At the 2015 NAMM Show, KOMA Elektronik introduced their new Komplex Sequencer, a step sequencer that lets you construct complex musical patterns, via both MIDI and CV/Gate, using four individual 16-step sequencers.
Here’s a video overview of the Komplex Sequencer from the Show floor, via Analogue Zone Showroom:
Each of the sequencing channels has its own start and stop buttons, a quantizer (switchable between chromatic, major & minor scales), one-shot-mode and five different play modes (forward, backward, ping-pong, ping-pong reversed, random). You can set the output range per sequencer as well, choose between 2V, 5V or 9V.
The Komplex Sequencer is compatible with almost all synthesizers that accept CV/Gate and/or MIDI.
The Komplex Sequencer will be available at select retailers worldwide in Spring 2015 for an MSRP of $1,500. See the KOMA site for more info.
21 thoughts on “The KOMA Elektronik Komplex Sequencer At NAMM 2015”
Why does so much of this NAMM gear just make electronic burblings?
It doesn’t have to. But it’s really hard to keep something like that from becoming a chaotic mess in a show environment while you’re trying to quickly go through all of its features. Sculpting anything really musical on a modular takes time.
For an amateur maybe, if you know what a VCO, VCF, LFO, ADSR, etc are then you know how to use a synth and patch a musical sound. The guy is trying to sell a pro sequencer, with that modular setup he has no excuse to turn up at NAMM and demo a pro sequencer with a warbling cacophony of robot discharges. The sound in that video actually makes me want to wedge that sequencer up his arse, sideways, then he’d wish he’d gone for the smaller Korg design.
unfortunately i feel that plenty of people who understand what a vco, vcf, lfo and adsr are still end up making warbling annoying sounds. mostly because its not that they understand the components, they just have no idea about how to make proper music. when i mean proper, i mean something that Bach would understand and not a robot from one of the moons of jupiter….
If you think electronic musicians should try to imitate Bach, you might be missing the point.
There’s more to electronic music than Wendy Carlos. Morton Subotnick was doing stuff in the 60’s that people still haven’t caught up with.
Bach was a bad example. And I didn’t say electronic music should imitate him. Too much polyphony with him…I’m saying those who decide to spend all their money on modulars and things should at least have a basic understanding of I, IV, V….I’m just sick of hearing robots lol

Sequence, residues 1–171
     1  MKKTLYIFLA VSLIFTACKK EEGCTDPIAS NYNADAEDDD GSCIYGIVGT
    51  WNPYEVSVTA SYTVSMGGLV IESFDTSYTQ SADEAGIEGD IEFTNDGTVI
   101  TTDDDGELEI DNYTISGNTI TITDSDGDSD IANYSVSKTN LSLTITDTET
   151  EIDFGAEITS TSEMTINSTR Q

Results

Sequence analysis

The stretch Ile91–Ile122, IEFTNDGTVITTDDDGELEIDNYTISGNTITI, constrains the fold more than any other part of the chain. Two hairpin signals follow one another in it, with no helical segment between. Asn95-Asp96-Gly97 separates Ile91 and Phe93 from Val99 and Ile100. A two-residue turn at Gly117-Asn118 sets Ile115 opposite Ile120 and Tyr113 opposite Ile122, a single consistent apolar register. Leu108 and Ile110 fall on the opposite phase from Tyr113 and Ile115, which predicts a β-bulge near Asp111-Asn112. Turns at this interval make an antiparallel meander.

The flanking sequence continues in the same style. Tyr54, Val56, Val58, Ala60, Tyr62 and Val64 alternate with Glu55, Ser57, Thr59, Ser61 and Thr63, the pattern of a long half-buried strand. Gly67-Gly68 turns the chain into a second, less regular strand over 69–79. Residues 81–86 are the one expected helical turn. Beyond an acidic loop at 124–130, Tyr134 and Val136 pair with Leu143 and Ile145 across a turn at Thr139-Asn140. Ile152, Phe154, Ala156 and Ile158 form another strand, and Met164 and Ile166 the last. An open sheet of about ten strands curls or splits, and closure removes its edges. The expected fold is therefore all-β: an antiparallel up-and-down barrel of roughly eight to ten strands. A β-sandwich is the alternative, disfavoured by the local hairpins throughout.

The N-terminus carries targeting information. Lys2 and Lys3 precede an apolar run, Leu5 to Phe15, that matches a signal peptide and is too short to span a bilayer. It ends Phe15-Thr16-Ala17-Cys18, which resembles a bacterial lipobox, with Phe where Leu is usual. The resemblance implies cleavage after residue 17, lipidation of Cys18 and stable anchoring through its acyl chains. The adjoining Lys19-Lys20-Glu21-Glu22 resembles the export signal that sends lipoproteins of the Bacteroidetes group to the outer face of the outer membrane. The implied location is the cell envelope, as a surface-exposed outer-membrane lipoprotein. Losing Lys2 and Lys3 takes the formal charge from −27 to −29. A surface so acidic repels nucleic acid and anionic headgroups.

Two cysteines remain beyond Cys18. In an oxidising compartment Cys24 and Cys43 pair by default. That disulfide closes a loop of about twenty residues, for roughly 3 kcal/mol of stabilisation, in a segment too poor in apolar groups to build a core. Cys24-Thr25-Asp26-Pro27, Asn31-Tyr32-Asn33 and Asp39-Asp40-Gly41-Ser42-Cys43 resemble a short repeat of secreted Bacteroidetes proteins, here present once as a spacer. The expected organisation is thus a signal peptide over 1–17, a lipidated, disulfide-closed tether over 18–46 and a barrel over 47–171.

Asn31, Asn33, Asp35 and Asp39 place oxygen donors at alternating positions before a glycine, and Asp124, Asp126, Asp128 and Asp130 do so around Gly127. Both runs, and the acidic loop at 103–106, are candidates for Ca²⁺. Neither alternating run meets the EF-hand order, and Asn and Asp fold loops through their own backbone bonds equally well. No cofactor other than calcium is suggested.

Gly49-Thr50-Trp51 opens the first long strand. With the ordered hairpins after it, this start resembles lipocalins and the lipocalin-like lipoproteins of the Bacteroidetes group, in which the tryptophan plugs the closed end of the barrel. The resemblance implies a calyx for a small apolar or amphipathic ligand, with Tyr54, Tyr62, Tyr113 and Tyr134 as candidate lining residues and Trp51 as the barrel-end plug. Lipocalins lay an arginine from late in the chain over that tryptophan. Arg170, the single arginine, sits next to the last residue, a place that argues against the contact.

I agree to an extent – I guess we are talking about musicality verses noise. Yet I don’t feel that needs to be ordered by a conventional musical mode, but it would make it easier and more accessible. But also noise and music have their places and uses. But in this case, this demonstration doesn’t help sell that sequencer, i device usually used to place order into an electronic sequence!? He’d do the sequencer a better service laying out a pumping bassline on one channel and modulating it with the others and showing the power of the device in a simple demonstration. With this demo I am left thinking, what’s he trying to hide? But this modular use reminds me of art school, you’d have kids throwing paint at canvas thinking they are ‘the dog’s’ Pollock. And the tutor would role up proclaiming to the room, why don’t you learn to draw and paint before you work beyond that? You do need a foundation to build on, and you really can’t get around that, as it really shows when you don’t have that foundation.
“I’m just sick of hearing robots lol”
Then stop listening lol.
I agree. Very often its about first impressions. They are doing themselves a disservice. Being at a high profile event like NAMM and debuting a new product should have a little more finesse. Maybe have 2 units, one set up for mucking about and warbling, the other for something more musical. This ranks up (or should that be down) there with the Korg Odyssey unveiling.
It takes a second to plug an out from a VCO to a LPG to and amp. less than 30 seconds to do that patching.
Hands in the air, evrrybody!!
Good heavens, that sounds god awful! KOMA should consider bringing in a real musician to help demo their stuff, cuz their gear is pretty sweet.
Knowledgeable musicians won’t judge a sequencer’s capabilities based on how it sounds.
I’d say even more: if sequencer at all makes any sounds, then there’s clearly something wrong with it.
clock a sequencer at audiorate, patch the gate to an amp, you´ll be surprised 😉
Seriously synth heads????? A synth is what ever sound you want to make. If you want to imitate a snare drum do it, if you want a bass do it.
There is no right or wrong in sound.
I do agree that the sequencer demo wasnt great soundwise but its more likely people have been playing on the modulars not know what the fuq they are doing and then Sonic State turn up.
I watched the video after reading the comments and was expecting something really far out. You dudes really shouldn’t be on a synth site if those are sounds or patterns that you think are “unmusical”. Also, you probably shouldn’t listen to any classical music past the 19th century and definitely avoid free-improv Jazz, Gamelan, Indian Classical and most non-western music.
Nice robust, looking unit and possibly better value than 2x Oberkorns or 3x Atlantis’.
CV record is a really nice touch as well.
Im glad Koma is EU. Import taxes would probs make it even more overpriced.
Love the photo….’Roll up! roll up! Be witness to the amazing new Koma step sequencer. Never seen before on this continent’.
All he needs is for that thing to be stepping fairground music and for him to be wearing a top hat.
Geezum, relax people. ALL of these NAMM / MUSIKMESSE-type videos are TERRIBLE. Can we focus on the gear instead? The sequencer looks top notch and the price is nearly a steal. Can’t wait to get my own, Koma!